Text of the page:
I don't doubt that at all. Well I guess they couldn't with BTC if they dont have them to loan out.
They will figure something out.

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March 23, 2011, 12:48:20 AM
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Aye. In Lieu of Bitcoins, here's your 5970. Now get to work!
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March 23, 2011, 02:45:56 AM
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RE: fractional reserve bitcoin banks:

I think it will happen, too.  Because of the nature of bitcoins they could arrange so that their reserves can be audited by anybody (easiest way:  prove they own a particular bitcoin address by signing something with its private key, then send all their reserves to that address).

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March 23, 2011, 04:33:32 AM
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A fractional reserve bank could exit at up to a 50% reserve ratio, by openly stating that all deposits, including 'on demand' accounts, are used as reserve funds for loans.  Simply loaning out what they actually have on deposit, plus what they have in 'on demand' accounts, would be an advantage over a full reserve bank that had to be able to cover all 'on demand' accounts in full.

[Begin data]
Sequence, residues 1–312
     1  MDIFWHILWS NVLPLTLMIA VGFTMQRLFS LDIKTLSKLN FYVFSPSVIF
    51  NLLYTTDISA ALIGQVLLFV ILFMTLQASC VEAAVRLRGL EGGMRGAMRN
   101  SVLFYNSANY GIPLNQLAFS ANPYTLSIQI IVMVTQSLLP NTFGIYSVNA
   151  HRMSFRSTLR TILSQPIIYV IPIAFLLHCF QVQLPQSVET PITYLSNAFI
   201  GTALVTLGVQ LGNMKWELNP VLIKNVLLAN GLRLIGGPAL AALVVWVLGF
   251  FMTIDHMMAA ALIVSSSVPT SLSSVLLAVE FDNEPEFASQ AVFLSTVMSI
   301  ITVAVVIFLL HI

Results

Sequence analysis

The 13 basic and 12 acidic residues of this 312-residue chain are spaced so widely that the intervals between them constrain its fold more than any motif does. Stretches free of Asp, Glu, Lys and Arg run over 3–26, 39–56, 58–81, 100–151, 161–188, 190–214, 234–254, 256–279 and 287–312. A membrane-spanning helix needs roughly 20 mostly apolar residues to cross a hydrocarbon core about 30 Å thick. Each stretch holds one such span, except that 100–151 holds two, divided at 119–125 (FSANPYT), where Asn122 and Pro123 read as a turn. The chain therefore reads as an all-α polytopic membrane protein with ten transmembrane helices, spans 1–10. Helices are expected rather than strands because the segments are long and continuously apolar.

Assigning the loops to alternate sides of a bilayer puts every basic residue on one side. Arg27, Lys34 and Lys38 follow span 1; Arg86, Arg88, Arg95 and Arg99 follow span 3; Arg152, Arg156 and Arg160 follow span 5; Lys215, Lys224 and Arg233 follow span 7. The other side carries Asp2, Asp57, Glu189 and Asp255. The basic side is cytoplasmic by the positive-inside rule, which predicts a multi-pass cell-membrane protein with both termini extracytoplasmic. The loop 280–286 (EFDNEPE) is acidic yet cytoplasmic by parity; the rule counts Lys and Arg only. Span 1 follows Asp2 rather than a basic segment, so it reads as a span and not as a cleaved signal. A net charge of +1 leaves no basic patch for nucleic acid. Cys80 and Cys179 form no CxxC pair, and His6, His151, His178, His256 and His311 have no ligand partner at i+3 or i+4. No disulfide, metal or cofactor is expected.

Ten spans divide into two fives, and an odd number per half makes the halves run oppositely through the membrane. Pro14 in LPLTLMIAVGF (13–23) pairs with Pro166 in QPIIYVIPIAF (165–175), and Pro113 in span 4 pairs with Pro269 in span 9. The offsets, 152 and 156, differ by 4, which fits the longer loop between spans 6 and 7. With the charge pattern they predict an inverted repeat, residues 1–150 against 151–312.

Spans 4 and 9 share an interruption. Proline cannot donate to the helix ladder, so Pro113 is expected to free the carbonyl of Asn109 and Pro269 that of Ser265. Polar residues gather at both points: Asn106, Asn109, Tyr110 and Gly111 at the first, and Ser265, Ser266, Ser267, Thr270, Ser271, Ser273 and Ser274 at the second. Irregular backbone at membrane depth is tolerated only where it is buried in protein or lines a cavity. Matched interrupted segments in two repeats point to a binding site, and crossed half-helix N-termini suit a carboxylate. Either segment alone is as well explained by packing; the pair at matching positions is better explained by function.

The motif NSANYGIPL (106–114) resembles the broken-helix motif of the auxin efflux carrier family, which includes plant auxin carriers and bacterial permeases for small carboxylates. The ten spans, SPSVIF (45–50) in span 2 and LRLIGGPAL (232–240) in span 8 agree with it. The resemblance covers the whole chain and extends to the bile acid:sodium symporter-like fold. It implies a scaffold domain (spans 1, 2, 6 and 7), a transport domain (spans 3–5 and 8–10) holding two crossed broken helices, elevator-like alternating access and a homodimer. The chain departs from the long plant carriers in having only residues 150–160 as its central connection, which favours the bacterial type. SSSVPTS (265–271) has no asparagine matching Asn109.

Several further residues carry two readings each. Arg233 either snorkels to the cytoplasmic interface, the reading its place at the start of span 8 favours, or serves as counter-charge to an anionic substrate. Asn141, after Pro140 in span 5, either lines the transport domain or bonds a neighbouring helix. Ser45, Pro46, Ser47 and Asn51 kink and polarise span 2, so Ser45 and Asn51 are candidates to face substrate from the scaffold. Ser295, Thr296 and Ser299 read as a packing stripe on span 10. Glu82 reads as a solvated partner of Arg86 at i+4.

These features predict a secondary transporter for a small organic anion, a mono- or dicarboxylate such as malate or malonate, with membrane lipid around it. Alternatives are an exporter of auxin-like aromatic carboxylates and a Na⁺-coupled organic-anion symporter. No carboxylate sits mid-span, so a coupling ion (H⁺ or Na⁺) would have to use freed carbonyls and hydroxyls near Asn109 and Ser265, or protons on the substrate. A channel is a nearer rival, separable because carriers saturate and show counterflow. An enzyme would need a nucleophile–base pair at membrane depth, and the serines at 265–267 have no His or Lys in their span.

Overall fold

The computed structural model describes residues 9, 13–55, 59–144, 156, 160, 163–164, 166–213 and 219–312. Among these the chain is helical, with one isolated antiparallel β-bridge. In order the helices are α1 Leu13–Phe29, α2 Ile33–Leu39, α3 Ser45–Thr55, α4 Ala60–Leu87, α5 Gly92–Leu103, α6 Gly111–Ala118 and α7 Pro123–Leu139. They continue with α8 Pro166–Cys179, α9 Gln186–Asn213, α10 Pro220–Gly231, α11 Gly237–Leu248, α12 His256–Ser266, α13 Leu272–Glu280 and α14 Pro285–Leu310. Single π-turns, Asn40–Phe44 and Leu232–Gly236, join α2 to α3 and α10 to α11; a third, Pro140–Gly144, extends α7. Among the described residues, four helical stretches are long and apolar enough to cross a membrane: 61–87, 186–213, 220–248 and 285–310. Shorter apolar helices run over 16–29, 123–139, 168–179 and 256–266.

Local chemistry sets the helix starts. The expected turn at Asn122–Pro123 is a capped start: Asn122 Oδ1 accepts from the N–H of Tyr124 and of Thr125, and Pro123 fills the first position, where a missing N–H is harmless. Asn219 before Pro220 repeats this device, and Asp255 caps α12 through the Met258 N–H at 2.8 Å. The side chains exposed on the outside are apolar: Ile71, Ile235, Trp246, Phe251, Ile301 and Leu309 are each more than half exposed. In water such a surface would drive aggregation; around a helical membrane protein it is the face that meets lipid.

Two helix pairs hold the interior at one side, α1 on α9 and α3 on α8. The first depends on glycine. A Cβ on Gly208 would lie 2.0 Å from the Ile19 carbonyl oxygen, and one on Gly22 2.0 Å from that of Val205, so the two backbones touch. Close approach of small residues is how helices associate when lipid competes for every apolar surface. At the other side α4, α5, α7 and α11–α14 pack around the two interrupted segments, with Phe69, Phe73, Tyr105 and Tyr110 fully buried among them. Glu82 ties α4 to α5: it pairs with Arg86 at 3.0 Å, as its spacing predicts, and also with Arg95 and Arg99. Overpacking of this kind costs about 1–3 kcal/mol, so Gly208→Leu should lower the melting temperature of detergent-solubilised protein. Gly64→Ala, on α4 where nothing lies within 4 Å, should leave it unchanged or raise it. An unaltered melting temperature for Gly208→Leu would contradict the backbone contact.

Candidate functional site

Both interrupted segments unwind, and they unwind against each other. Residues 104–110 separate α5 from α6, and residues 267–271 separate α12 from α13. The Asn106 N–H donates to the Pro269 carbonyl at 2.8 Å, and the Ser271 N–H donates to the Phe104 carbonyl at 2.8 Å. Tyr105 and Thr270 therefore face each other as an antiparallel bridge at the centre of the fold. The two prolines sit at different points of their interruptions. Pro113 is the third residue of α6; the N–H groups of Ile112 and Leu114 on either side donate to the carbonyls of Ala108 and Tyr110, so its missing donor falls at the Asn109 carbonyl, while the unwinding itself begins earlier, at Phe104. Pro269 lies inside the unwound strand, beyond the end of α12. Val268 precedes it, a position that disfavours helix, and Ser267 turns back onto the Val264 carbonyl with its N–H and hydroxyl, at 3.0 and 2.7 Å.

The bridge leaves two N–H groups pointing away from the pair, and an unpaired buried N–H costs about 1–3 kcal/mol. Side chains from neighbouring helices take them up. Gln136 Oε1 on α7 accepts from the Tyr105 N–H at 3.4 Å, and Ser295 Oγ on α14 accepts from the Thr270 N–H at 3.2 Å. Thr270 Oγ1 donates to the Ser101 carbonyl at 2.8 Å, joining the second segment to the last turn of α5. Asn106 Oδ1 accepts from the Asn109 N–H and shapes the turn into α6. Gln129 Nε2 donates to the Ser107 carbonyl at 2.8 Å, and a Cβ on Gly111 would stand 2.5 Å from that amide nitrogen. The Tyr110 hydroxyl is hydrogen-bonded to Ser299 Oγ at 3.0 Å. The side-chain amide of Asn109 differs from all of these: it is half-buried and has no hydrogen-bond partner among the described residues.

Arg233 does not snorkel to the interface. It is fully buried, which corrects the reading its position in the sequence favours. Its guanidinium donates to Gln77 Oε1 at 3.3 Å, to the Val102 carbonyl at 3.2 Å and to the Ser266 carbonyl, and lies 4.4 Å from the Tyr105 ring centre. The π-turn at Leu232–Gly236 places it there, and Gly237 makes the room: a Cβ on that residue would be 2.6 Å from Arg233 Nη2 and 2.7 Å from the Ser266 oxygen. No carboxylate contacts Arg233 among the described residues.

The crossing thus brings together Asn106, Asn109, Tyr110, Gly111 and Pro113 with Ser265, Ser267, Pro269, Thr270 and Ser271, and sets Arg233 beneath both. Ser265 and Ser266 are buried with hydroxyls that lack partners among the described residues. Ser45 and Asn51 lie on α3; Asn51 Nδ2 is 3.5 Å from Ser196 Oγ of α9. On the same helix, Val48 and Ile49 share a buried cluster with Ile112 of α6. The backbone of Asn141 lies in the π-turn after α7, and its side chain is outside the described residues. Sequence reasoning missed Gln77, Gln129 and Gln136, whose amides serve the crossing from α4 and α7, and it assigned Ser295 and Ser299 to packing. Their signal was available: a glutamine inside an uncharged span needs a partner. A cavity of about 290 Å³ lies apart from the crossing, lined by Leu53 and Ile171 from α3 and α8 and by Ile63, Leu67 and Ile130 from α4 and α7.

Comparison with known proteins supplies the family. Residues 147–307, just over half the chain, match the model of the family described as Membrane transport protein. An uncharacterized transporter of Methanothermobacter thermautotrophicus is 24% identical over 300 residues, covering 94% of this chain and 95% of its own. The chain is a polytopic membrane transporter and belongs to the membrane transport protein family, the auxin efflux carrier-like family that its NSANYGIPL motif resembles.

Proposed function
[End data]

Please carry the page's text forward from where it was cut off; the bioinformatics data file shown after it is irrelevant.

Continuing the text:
"The powers of financial capitalism had another far-reaching aim, nothing less than to create a world system of financial control in private hands able to dominate the political system of each country and the economy of the world as a whole. This system was to be controlled in a feudalist fashion by the central banks of the world acting in concert, by secret agreements arrived at in frequent meetings and conferences. The apex of the systems was to be the Bank for International Settlements in Basel, Switzerland, a private bank owned and controlled by the world's central banks which were themselves private corporations. Each central bank...sought to dominate its government by its ability to control Treasury loans, to manipulate foreign exchanges, to influence the level of economic activity in the country, and to influence cooperative politicians by subsequent economic rewards in the business world."

- Carroll Quigley, CFR member, mentor to Bill Clinton, from 'Tragedy And Hope'
nanotube
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March 23, 2011, 08:18:38 PM
 #9

indeed, as i've mentioned several times in various discussions before, setting the reserve ratio anywhere between 100 and 0 percent is simply a tradeoff between riskiness and profitability. I will not be surprised if real fractional reserve bitcoin banking does arise, and various stated reserve ratios will simply attract different clientele.

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Jered Kenna (TradeHill)